Meet the eight new faculty members of the Henry M. Rowan College of Engineering

Among the new faces around Rowan and Engineering Halls this semester are eight new faculty members working in five departments within the Henry M. Rowan College of Engineering.

The new faculty members bring with them backgrounds that blend academic research and industry experience. Finding ways to engage underrepresented and first-generation college students is a particular area of interest for many of them, and all of them offer fresh insights and perspectives on research, undergraduate and graduate education and the future of the College.

“The growth of our college will continue with the addition of eight new tenured/tenure-track faculty members across five of our departments,” commented Dr. Giuseppe Palmese, Dean of the Henry M. Rowan College of Engineering. “I am delighted to welcome this accomplished group of faculty to our college as they will enhance the experience of our students, through teaching, research, and their leadership.”

Each new faculty member brings his/her own expertise to the College that will used in the classroom and in the research lab. Here is a brief overview of each. 

Gregory DitzlerGregory Ditzler, Ph.D.
Associate Professor
Electrical & Computer Engineering

Ph.D. Electrical Engineering, Drexel University, Philadelphia, Pa.
M.Sc. Electrical & Computer Engineering, Rowan University, Glassboro, N.J.
B.Sc. Electronics Engineering Technology, The Pennsylvania College of Technology, Williamsport, Pa.

Dr. Gregory Ditzler has a long history at Rowan. He earned his master’s degree here, taught as an adjunct professor and, while pursuing his Ph.D. at nearby Drexel University, ran undergraduate engineering clinics. After finishing his Ph.D., Ditzler taught at the University of Arizona.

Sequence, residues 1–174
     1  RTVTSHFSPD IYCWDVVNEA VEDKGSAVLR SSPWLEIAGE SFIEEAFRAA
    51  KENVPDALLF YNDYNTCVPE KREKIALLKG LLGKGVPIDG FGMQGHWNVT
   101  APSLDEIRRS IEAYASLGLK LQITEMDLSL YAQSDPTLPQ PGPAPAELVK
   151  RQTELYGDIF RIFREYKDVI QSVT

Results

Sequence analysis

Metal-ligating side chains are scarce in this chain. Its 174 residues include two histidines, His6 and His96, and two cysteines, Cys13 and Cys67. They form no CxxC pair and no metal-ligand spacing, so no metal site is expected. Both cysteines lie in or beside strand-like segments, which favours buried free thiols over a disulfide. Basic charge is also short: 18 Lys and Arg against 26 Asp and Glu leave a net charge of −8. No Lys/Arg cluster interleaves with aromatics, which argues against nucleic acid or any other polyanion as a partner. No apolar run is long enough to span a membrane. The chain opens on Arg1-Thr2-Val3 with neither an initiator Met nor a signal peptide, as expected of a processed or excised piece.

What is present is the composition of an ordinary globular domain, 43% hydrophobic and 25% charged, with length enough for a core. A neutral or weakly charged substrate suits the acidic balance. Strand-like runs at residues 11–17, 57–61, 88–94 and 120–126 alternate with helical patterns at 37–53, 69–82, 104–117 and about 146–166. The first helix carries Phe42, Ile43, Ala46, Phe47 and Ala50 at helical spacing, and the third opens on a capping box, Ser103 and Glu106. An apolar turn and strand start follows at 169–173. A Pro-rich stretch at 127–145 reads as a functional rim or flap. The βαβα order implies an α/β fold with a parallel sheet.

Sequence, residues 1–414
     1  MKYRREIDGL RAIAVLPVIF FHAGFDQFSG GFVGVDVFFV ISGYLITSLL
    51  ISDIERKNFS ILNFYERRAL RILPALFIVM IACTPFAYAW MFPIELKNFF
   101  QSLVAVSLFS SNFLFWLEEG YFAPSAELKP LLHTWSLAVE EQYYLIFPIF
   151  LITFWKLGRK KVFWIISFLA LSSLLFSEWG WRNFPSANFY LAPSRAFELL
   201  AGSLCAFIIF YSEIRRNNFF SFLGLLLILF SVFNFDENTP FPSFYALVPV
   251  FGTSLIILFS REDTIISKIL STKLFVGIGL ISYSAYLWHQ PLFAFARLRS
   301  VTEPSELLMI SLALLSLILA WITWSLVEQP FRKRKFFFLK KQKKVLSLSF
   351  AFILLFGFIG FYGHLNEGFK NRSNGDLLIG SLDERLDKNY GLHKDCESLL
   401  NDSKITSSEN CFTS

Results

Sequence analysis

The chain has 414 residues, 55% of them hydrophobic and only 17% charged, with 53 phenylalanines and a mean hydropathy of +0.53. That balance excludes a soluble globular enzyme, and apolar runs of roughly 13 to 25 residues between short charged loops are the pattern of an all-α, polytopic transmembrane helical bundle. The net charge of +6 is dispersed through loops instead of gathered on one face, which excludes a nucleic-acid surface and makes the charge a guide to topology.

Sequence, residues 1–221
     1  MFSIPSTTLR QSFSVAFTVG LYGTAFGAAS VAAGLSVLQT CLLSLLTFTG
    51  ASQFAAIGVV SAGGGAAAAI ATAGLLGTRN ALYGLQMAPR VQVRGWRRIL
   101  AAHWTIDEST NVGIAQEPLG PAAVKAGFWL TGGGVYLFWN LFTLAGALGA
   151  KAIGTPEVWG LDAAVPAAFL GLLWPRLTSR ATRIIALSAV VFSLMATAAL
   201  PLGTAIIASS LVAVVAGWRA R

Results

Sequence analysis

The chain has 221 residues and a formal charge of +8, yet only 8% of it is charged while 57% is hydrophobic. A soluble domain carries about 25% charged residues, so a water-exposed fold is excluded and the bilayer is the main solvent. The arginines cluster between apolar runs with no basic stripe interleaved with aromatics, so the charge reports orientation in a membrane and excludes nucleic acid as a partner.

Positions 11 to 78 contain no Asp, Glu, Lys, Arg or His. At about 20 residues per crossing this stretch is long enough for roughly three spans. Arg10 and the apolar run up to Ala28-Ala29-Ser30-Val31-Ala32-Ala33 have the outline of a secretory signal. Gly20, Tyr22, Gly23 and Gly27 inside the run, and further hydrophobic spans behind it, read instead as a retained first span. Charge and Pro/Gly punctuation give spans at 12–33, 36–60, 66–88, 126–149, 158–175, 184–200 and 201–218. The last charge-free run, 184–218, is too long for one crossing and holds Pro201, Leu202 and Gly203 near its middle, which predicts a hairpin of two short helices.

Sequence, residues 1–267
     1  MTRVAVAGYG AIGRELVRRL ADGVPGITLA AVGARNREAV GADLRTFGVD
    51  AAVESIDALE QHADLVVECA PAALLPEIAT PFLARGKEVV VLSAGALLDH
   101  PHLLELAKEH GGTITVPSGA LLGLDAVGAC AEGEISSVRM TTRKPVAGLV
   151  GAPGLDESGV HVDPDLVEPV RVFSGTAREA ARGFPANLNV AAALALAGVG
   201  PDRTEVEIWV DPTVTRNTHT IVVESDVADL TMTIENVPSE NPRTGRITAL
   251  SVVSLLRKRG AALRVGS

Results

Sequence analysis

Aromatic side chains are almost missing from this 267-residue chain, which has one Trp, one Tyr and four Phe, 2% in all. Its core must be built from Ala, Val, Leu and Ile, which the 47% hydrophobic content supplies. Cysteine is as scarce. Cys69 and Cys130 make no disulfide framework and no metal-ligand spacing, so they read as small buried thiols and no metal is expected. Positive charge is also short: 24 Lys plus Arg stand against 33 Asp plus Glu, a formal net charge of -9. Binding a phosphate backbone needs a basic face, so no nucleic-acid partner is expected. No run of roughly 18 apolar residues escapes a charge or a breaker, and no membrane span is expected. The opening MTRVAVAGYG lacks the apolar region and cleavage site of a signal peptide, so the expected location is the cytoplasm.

“I was looking for the right opportunity to move back to the East Coast,” he said. “I was so excited when I saw Rowan was hiring.”  

Ditzler, who spent two summers at the Air Force Research Lab as a faculty fellow and was honored with the National Science Foundation CAREER Award in 2020, is researching machine learning.

“Fundamentally, I’m interested in learning from data,” Ditzler said. “How do you get a program to learn and adapt over time, as we do, especially when there’s the possibility of an adversary in the environment? To improve the trustworthiness of the software programs we depend on, we need to make machine learning more robust.”

Seyed Hooman GhasemiSeyed Hooman Ghasemi, Ph.D., P.E.
Assistant Professor
Civil & Environmental Engineering

Ph.D. Civil Engineering, Auburn University, Auburn, Ala.
M.S. Civil Engineering, Zanjan University, Zanjan, Iran
B.S. Civil Engineering, Qazvin University, Qazvin, Iran

Prior to coming to Rowan, Dr. Seyed Hooman Ghasemi worked as a postdoctoral research associate at Washington State University, an assistant professor at Qazvin Azad University and a postdoctoral research associate at Auburn University.

“I’m super happy to be remaining at Rowan in a full-time role” after serving as a lecturer for the 2021-2022 academic year, Ghasemi said. “I’m trying to use students’ fresh minds and ideas in my teaching style.”

Ghasemi, whose main research focus is on structural reliability, is working on different aspects of research in areas like modeling the reliability of bridges and other structures, quantifying loads and measuring risks associated with natural hazards and structural failures. 

“I really enjoy formulating equations to help us better understand structural reliability and fracture and failure mechanics,” said Ghasemi. “Understanding the behavior of a system and the consequences of forces on a structure could be the key to designing safer bridges.”

Cassandra JamisonCassandra Jamison, Ph.D.
Assistant Professor
Experiential Engineering Education (ExEEd)

Ph.D. Biomedical Engineering, University of Michigan, Ann Arbor, Mich.
M.S. Biomedical Engineering, University of Michigan, Ann Arbor, Mich.